Is There an Issue with the Second Approach?
We have discussed first approach at length in earlier posts. What about this second approach? To a few of us, it may seem fine. You get to switch to MCLR without paying a fee. There is a caveat though. Let’s find out more.
Let’s assume 1-year MCLR for SBI is 8%. Let’s further assume that a person with your profile would have got loan at a spread of 0.5% p.a. Loan interest rate = 8.0% MCLR +0.5% spread = 8.5% p.a.
Now, you have a base rate linked loan with Base rate of 9% with a spread of 0.25% p.a. Therefore, your effective loan rate is 9.25% p.a. You decide to switch to MCLR without paying any fee. Now, MCLR is same for everyone. Therefore, to maintain the same loan interest rate of 9.25%, your spread will be jacked up to 1.25% p.a. Your loan after switch will be at 8% MCLR + 1.25% spread = 9.25% p.a.
And you are stuck with this spread for life of the loan. Contrast this with the rate the new borrower gets. The spread for the new borrower is only 0.5% p.a. You will always pay 0.75% higher than the new borrower. After 1 year (when the interest rate resets), let’s assume the 1-year MCLR is 8.25% p.a., you will pay 9.5% while the other borrower pays only 8.75%. You need to determine if the fee saved is worth paying 0.75% p.a. more for the entire loan term. Essentially the problem we discussed in our post about MCLR spread.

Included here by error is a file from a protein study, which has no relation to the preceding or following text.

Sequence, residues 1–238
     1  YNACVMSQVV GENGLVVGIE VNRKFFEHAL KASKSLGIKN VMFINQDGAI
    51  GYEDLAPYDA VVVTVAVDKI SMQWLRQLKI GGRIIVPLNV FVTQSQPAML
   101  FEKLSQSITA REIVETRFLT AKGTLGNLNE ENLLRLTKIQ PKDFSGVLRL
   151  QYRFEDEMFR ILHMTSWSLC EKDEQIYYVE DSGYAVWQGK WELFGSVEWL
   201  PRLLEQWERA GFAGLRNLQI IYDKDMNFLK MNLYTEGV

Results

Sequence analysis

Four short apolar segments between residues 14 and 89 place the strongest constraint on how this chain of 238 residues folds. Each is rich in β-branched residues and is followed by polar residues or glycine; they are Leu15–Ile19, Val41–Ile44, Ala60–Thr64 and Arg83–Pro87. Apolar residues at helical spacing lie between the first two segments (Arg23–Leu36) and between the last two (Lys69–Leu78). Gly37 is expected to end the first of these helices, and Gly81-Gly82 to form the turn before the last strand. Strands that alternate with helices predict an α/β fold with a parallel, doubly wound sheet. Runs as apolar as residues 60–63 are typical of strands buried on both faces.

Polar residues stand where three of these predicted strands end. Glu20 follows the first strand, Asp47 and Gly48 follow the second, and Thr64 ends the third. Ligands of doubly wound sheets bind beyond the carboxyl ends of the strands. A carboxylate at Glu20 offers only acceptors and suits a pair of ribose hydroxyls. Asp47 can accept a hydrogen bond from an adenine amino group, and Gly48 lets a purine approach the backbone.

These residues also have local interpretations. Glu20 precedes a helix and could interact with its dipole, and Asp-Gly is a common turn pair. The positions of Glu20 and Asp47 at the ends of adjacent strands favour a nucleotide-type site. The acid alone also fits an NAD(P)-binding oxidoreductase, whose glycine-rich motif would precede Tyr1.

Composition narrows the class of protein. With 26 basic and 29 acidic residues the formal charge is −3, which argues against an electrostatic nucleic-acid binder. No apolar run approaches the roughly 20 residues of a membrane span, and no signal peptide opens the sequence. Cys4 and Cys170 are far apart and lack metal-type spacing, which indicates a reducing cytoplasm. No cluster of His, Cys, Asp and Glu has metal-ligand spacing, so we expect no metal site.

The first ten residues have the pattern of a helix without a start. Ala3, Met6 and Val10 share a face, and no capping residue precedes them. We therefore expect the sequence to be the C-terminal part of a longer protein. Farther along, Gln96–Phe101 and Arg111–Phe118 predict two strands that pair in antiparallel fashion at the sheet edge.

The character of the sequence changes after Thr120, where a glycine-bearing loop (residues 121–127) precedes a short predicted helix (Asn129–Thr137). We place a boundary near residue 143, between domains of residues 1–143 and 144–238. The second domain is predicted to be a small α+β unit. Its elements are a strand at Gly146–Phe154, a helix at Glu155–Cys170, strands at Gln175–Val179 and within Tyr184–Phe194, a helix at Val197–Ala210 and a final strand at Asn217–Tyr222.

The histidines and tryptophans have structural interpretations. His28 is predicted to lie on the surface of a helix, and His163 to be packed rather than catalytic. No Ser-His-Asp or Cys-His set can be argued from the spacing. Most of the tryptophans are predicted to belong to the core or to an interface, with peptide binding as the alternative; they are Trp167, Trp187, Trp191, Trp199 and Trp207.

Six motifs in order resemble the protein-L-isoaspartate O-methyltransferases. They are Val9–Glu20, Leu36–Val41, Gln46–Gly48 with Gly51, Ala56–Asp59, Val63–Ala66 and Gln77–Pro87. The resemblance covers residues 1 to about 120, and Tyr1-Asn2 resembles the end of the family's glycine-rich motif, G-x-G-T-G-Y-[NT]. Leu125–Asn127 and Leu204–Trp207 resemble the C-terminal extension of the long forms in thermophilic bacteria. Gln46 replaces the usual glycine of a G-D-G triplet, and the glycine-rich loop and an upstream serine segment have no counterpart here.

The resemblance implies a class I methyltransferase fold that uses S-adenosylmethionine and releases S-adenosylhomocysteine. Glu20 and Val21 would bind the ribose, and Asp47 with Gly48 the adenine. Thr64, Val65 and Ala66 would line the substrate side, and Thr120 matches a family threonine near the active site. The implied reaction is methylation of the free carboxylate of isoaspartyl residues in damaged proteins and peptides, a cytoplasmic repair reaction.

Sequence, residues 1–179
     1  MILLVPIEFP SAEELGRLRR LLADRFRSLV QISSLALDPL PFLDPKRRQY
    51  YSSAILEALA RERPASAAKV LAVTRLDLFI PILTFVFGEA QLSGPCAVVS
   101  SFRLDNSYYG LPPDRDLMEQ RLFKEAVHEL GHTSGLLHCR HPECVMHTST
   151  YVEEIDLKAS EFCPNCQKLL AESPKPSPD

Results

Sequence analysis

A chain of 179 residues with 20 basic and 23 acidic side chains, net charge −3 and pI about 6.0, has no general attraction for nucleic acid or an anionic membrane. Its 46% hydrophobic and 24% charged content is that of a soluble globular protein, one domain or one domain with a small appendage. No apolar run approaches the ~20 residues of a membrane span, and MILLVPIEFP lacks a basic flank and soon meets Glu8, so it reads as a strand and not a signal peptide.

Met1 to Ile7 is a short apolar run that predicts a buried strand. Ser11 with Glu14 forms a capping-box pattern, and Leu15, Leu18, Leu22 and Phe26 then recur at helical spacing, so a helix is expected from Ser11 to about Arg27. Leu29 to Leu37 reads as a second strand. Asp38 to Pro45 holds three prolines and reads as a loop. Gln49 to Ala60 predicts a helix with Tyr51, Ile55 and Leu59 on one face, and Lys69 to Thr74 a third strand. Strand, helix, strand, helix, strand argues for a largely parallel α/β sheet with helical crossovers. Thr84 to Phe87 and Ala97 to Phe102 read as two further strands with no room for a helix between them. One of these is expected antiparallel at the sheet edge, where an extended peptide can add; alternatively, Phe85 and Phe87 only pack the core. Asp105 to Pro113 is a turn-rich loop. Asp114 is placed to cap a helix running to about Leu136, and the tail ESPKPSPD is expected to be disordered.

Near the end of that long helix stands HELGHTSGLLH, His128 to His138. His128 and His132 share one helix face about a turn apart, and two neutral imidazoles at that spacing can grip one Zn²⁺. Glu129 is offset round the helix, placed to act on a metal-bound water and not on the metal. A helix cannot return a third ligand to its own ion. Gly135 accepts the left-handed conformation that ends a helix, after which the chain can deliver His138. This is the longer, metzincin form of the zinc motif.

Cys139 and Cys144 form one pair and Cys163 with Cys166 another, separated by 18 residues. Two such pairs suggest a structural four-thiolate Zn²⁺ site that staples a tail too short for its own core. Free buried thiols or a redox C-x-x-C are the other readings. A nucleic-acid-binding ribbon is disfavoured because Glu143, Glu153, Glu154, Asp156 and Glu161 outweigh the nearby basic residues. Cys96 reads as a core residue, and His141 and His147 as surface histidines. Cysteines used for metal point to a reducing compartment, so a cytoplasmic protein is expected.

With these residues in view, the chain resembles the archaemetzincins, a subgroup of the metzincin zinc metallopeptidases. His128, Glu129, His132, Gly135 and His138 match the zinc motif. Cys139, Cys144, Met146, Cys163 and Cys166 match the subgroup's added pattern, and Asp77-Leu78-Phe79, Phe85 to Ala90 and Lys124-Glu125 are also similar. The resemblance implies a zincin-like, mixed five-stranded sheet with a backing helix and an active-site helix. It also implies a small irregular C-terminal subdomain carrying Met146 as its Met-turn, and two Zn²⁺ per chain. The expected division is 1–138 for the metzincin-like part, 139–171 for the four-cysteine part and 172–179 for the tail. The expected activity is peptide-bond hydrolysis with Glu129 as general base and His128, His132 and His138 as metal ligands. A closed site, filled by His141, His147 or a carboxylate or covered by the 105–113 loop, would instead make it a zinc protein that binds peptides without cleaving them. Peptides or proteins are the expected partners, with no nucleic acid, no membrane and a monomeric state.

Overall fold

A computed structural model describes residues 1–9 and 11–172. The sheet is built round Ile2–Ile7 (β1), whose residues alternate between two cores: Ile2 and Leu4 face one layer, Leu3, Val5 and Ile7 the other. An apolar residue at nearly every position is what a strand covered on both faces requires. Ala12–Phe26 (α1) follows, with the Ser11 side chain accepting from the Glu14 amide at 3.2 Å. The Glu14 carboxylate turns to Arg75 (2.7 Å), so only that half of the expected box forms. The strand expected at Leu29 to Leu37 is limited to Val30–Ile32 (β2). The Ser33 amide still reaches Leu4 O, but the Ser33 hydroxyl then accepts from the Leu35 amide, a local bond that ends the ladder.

In most cases, you are likely to end up paying much more than fee saved. To take up an example, suppose you had an outstanding loan of 35 lacs with remaining tenure of 15 years. Compare with a new borrower who takes a loan of Rs 35 lacs with a tenure of 15 years. Assuming rates stay the same, over the loan tenure, you will pay Rs 2.8 lacs more in form of interest. Clearly, I have chosen the numbers to suit my argument. However, the argument is likely to hold true in most cases. Firstly, the only reason why you will think about switching from Base rate to MCLR is when the difference between loan rates for the two has to grown too wide for your comfort.
Under the second option, you continue at the same rate for at least another year since the spread has been adjusted upwards. Frankly, what’s the point in switching if you have to pay the same rate for the next one year? If this is not enough, you are stuck with a high spread for the entire tenure of the loan. You can still do your own numbers but the second option is unlikely to make sense in most cases.
What Should You Do?
When everyone is going gaga over switch to MCLR, a few of us may skip this important technicality and choose the second option (without fee) to save an upfront outgo. You will have to pay a lot more during the loan term. Don’t fall for the trap. With banks, there is never a free lunch.
SBI website only makes mention of Fee option. Therefore, I couldn’t independently verify the second option. However, banks can always make this offer or any other innovative offer. You need to be aware about how floating rate loans work.